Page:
Kaczynski, Theodore "Ted" (The Unabomber)
Theodore "Ted" Kaczynski (The Unabomber)
May 22, 1942
"The Industrial Revolution and its consequences have been a disaster for the human race… . The continued development of technology will … certainly subject human beings to greater indignities and inflict greater damage on the natural world."
O n April 3, 1996, a team of heavily armed federal agents arrested a man outside his one-room cabin in a Montana forest. The arrest ended a seventeen-year hunt for a terrorist known as the Unabomber, who had killed three people with a series of mail bombs. His name was Theodore Kaczynski, a Harvard graduate who had a Ph.D. in mathematics and once taught at the University of California in Berkeley.
A psychiatrist concluded that Kaczynski suffered from paranoid schizophrenia, a severe mental illness that seriously distorted his sense of reality and drove him to a lonely life in the woods—and to a career as America's most wanted terrorist. Kaczynski himself always denied that he was mentally ill.
Theodore Kaczynski, called Ted, was born in Chicago, Illinois, on May 22, 1942. His father, Theodore Richard Kaczynski, worked in a sausage factory. His mother, Wanda, at first stayed at home; she later qualified for a teaching license and taught school for a few years. When he was seven, his parents had another son, David. The Kaczynski family lived in a modest neighborhood of working families. The father changed jobs several times, shifting from sausage making to working for companies that cut foam, like the kind used for furniture. For a while, the family lived in Iowa before moving back to a suburb of Chicago.
When Kaczynski was nine months old, he had an allergic reaction and spent five days in the hospital. No one thought much of it at the time, but many years later, his mother wondered whether this separation from his family caused him to become withdrawn and less responsive.
Wanda Kaczynski later remembered that her son tended to play alongside other children, rather than playing with them. She even briefly considered enrolling him in a psychological study on children suffering from autism. (Autism is a mental disorder beginning in infancy. Its symptoms include an inability to interact socially, repetitive behavior, withdrawal from reality, and being absorbed in mental activities such as daydreams, fantasies, and delusions.)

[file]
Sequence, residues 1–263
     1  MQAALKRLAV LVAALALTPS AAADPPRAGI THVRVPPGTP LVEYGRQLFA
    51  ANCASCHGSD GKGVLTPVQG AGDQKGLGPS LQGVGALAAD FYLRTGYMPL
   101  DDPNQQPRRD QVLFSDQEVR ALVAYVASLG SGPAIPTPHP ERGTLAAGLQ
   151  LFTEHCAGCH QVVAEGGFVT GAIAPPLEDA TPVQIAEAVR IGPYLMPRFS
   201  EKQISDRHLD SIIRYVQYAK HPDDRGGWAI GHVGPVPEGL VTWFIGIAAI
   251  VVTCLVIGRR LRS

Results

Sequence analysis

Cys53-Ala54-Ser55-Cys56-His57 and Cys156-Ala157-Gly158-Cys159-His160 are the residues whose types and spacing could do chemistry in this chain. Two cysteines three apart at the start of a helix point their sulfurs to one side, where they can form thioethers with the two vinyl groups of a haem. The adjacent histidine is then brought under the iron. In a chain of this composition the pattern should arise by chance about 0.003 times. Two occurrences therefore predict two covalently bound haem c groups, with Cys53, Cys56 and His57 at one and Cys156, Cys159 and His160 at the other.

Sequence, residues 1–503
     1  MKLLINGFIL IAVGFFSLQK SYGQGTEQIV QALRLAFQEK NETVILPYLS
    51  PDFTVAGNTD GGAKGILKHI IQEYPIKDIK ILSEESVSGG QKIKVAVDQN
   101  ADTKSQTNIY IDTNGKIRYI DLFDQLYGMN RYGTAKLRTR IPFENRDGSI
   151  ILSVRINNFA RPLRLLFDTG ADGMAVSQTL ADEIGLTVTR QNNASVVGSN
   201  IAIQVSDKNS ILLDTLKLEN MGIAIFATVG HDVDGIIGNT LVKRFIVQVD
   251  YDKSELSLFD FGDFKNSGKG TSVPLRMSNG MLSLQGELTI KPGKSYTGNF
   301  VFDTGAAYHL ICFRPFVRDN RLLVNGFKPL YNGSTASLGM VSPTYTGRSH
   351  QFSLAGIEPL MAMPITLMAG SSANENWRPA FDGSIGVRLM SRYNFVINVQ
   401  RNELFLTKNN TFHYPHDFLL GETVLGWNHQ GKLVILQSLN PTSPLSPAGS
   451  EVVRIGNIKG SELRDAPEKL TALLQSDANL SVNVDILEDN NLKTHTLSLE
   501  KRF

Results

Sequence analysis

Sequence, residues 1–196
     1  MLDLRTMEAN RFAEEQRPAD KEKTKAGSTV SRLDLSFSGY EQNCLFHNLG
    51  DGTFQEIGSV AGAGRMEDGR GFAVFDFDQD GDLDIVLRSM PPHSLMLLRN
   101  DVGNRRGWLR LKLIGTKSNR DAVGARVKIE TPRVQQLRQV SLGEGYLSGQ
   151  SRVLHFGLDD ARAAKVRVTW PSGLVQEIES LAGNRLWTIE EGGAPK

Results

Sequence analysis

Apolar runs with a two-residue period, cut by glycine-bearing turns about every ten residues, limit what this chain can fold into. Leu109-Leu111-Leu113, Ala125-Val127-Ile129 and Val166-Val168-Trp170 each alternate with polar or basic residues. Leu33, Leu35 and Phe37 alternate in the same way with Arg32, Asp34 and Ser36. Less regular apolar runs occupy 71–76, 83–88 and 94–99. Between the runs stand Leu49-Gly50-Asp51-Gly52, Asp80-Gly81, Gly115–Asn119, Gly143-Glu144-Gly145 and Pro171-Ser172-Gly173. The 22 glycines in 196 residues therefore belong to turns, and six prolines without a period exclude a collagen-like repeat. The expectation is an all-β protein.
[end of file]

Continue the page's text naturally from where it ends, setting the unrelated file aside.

Words to Know
- a person who holds to the theory that society should be organized around voluntary associations, rather than large government organizations.
- a mental disorder with symptoms including an inability to interact socially, repetitive behavior, withdrawal from reality, and being absorbed in mental activities such as daydreams, fantasies, and delusions.
- the study of how people and animals inherit their traits, such as eye and hair color.
- a person who lives alone, away from civilization.
- a statement of principles and ideas.
- in mythology, a bird that burned to ashes only to be reborn.
- a sudden realization of a new perception of reality.
Feeling isolated in school
In elementary school, Kaczynski seemed exceptionally bright. His mother had high hopes for her son, and she encouraged him to use a more adult way of speaking than the other children. Kaczynski remembered as an adult that by the time he was eight or nine years old, he did not feel accepted by other children. In the fifth grade, Kaczynski took an intelligence test and scored high enough that the school recommended he skip the sixth grade. Suddenly he was thrown into classes with older children, and he had an even greater sense of being a social outcast. Later in life, he remembered his classmates verbally abusing and teasing him.
Social isolation became a theme in Kaczynski's life. At Evergreen Park Community High School, he did not go out on dates or have close friends. He remembered the growing dislike of the other students. "By the time I left high school, I was definitely regarded as a freak by a large segment of the student body," he told Dr. Sally Johnson. But he did very well in his classes and skipped the eleventh grade as well. The school encouraged him to apply to Harvard University, which accepted him at age sixteen, two years earlier than most college students.
At Harvard, the first signs of mental illness
At Harvard, Kaczynski quickly realized that he was no longer smarter than everyone else. He did not make friends until his second year, and then only a few. Far from his family, Kaczynski's life was lonely until he graduated in June 1962, at the age of twenty. At Harvard he had daydreams about living alone in the woods or becoming a revolutionary and rousing mobs to violence.